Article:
Today, agriculture is a major industry in the United States, with its main export being food. As of the 2007 census of agriculture, there were 2.2 million farms, covering an area of 922 million acres, with each farm being an average of 418 acres. Although agriculture of some type occurs in every state in the union, it is particularly concentrated on the Great Plains. The Great Plains is a vast area of flat, arable land in the center of the nation in the region west of the Great Lakes and east of the Rocky Mountains. The eastern, wetter half is a major corn and soybean producing region known as the Corn Belt, while the western, drier half is known as the Wheat Belt for its high rate of wheat farming. The Central Valley of California, produces fruits, vegetables, and nuts, and is known as the Salad Bowl. The American South has historically been a large producer of cotton, tobacco, and rice, but it’s production has declined over the past century.
America in the early 1900’s had to find ways to support the growth of population. During the 1900’s, the american farmers’ average production increased from feeding a regular family of about five to that same family plus a hundred other people. Farming grew with a combination of efforts made from the advances in fertilizer, pesticides, genetic modification (GMO), and changes in methods of cultivation.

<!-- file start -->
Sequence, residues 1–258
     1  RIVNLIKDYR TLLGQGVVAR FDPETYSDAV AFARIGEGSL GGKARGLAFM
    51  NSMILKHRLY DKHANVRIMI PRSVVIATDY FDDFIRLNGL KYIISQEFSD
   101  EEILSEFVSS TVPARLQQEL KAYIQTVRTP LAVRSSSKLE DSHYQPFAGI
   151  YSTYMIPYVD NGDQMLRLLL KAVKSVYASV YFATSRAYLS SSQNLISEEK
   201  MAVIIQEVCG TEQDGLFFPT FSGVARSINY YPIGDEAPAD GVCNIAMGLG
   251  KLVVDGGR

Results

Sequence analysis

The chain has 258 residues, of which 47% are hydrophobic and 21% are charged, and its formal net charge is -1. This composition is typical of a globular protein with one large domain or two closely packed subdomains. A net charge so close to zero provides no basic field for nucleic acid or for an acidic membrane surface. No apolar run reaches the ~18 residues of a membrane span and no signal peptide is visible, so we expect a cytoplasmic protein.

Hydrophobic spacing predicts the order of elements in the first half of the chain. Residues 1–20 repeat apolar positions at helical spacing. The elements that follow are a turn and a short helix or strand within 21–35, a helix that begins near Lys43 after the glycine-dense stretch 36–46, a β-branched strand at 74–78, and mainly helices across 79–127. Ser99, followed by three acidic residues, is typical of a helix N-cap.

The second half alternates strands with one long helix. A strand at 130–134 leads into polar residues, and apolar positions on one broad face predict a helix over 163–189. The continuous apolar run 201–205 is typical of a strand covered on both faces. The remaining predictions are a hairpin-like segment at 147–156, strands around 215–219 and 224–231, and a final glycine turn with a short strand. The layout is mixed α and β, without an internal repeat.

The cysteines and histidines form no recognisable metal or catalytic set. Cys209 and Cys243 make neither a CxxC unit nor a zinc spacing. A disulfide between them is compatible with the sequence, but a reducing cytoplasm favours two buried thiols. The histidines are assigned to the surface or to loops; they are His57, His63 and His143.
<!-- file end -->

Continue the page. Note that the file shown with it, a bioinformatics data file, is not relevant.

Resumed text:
At first, natural fertilizer materials such as manure, wood ash, ground bones, and bat waste were used to replenish the nutrients in the soil. Although natural fertilizers increased production more needed to be done to increase production of the crops. Scientists in the 1800s, discovered that elements such as nitrogen, phosphorus, and potassium were essential to the growth of crops. Fertilizer containing these elements were made in the United States and Europe. Then in the 1900s, the use of commercial fertilizer really boosted production. Combinations of N, P, and K were formulated and designed and were tailored with each crop in mind.
Another issue that came up was pests. An infestation of pests could set in and kill an entire crop. Armyworms in corn, Weevils in cotton, and Beatles in tobacco are just a few of the pests that needed to be controlled in order for farmers to sustain the demand for production. Soon farmers learned pesticides could control pests that destroyed their crops.